Streaming music might be all the rage these days, but don't look for the new Coldplay album on Spotify, or your favorite all-you-can-listen service. If you want to hear the band's new music, you'll have to download it -- or buy a good old-fashioned CD.

Joining a small-but-growing cadre of artists who have expressed dissatisfaction at the lack of control and dwindling royalty rates in the digital marketplace, Coldplay have decided to keep 'Mylo Xyloto' off streaming sites such as Rhapsody, MOG, and the increasingly popular Spotify. And it doesn't seem to have hurt sales, either -- current estimates indicate a first-week haul of nearly 500,000 units for the album.

Still, avoiding the streaming market represents a calculated risk. As the Hollywood Reporter notes, Rhapsody has roughly 800,000 subscribers, while Spotify claims to have a base of more than 2 million paying customers -- all of whom are already shelling out for monthly access to a giant library of songs, and could decide just to ignore anything that isn't available. But not being on Spotify seems to have paid off in this case, and could simply be a function of Coldplay's position as one of the biggest bands in the industry.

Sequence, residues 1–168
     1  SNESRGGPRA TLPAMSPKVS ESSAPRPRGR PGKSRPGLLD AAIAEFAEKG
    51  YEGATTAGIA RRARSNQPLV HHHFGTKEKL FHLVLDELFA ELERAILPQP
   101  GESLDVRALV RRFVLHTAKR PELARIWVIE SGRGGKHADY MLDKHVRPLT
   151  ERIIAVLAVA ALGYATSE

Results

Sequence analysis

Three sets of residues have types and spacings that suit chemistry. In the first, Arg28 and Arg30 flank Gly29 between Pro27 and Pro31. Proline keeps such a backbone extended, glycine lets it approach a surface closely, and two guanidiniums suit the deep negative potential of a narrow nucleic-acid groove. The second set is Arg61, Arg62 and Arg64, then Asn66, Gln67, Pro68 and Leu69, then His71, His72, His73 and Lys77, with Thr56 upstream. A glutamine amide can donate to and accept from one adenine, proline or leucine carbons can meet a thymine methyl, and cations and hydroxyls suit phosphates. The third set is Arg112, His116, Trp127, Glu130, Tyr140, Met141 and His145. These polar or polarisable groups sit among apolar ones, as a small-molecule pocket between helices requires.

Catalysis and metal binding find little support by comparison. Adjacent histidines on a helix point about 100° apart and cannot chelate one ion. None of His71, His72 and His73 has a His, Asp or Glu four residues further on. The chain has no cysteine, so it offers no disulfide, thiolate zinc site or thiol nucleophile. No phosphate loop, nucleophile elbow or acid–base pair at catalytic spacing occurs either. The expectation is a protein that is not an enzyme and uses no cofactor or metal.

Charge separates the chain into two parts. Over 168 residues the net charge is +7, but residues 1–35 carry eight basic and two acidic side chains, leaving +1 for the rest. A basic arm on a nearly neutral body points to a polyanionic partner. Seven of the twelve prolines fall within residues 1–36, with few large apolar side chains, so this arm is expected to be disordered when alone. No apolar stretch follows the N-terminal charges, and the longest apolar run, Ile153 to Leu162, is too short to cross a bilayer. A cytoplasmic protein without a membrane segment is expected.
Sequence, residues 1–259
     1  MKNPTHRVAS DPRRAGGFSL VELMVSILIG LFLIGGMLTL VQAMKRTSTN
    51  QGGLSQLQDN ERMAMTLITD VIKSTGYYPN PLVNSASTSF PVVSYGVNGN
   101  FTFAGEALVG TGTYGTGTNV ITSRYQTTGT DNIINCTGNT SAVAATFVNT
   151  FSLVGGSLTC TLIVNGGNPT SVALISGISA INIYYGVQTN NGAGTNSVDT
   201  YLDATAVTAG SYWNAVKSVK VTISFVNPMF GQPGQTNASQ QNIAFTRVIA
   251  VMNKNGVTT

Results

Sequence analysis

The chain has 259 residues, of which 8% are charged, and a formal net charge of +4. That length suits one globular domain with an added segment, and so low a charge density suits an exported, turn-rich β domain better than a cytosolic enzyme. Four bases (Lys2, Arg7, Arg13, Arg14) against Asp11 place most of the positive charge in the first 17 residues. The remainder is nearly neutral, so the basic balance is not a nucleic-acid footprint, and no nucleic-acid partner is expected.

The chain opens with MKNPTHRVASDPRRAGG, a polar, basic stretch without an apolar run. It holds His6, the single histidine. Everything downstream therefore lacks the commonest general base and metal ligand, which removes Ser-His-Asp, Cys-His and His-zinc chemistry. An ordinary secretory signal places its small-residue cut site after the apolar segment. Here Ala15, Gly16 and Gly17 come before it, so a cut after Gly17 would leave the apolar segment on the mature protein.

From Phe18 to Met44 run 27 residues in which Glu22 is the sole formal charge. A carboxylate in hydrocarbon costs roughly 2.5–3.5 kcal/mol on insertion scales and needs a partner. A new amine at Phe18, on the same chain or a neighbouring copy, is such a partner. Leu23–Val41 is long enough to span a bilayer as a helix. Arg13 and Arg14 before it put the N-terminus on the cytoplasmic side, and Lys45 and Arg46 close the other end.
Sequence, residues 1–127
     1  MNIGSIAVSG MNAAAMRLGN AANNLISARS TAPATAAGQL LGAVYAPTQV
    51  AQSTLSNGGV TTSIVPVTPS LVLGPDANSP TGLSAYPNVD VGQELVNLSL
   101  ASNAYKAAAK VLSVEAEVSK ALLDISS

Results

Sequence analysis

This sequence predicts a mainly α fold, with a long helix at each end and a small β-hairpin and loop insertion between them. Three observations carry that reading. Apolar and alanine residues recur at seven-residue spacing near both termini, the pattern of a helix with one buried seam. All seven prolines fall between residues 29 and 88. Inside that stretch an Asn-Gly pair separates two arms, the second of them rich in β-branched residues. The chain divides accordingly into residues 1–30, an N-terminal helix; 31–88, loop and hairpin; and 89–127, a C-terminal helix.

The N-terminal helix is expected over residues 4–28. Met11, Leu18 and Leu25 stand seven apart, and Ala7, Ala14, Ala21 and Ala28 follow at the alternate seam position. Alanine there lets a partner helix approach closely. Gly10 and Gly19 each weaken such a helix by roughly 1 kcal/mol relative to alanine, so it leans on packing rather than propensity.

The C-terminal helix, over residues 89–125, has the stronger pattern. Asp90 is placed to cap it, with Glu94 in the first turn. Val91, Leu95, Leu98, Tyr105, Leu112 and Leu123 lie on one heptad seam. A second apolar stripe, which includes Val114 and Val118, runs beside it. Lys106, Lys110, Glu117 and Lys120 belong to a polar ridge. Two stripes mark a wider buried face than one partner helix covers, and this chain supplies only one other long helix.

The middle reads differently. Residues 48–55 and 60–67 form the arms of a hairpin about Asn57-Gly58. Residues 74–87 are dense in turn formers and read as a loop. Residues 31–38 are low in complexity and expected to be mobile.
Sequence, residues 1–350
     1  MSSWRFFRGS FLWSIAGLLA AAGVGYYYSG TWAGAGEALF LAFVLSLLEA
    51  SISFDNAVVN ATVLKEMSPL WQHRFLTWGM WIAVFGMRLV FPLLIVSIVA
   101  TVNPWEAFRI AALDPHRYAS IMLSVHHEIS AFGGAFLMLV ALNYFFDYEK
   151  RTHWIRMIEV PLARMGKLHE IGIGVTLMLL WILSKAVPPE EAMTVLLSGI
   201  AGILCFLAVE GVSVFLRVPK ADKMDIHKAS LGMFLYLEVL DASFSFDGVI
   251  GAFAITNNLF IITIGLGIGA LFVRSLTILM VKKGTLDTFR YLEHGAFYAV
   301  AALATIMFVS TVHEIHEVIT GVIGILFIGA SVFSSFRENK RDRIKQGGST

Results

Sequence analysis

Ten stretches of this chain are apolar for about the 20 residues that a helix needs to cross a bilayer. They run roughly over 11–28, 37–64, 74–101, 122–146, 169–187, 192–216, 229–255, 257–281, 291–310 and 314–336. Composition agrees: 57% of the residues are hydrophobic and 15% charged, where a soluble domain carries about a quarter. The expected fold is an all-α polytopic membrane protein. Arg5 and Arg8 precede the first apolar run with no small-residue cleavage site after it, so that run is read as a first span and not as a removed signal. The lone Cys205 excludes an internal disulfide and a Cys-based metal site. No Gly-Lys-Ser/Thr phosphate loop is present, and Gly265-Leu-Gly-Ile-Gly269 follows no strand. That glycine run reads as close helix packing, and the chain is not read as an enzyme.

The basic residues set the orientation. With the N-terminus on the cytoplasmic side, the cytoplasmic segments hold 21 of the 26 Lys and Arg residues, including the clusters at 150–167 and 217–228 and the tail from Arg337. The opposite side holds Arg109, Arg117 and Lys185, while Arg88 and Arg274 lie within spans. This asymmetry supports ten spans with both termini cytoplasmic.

To his credit, Rhapsody president Jon Irwin understands where Coldplay is coming from. In a recent Billboard editorial, he wrote that he respects the band's decision and admitted that streaming royalty rates "seem awfully small." Still, as he noted in a later interview, "Those plays for that artist, they're going to get compensated by it. That goes on forever, and it doesn't end with the sale of an MP3."

In a press release, Spotify reiterated its belief that its service has "convinced millions of consumers to pay for music again" -- including the reputed $150 million it's paid out to artists and publishers over its brief three-year lifespan.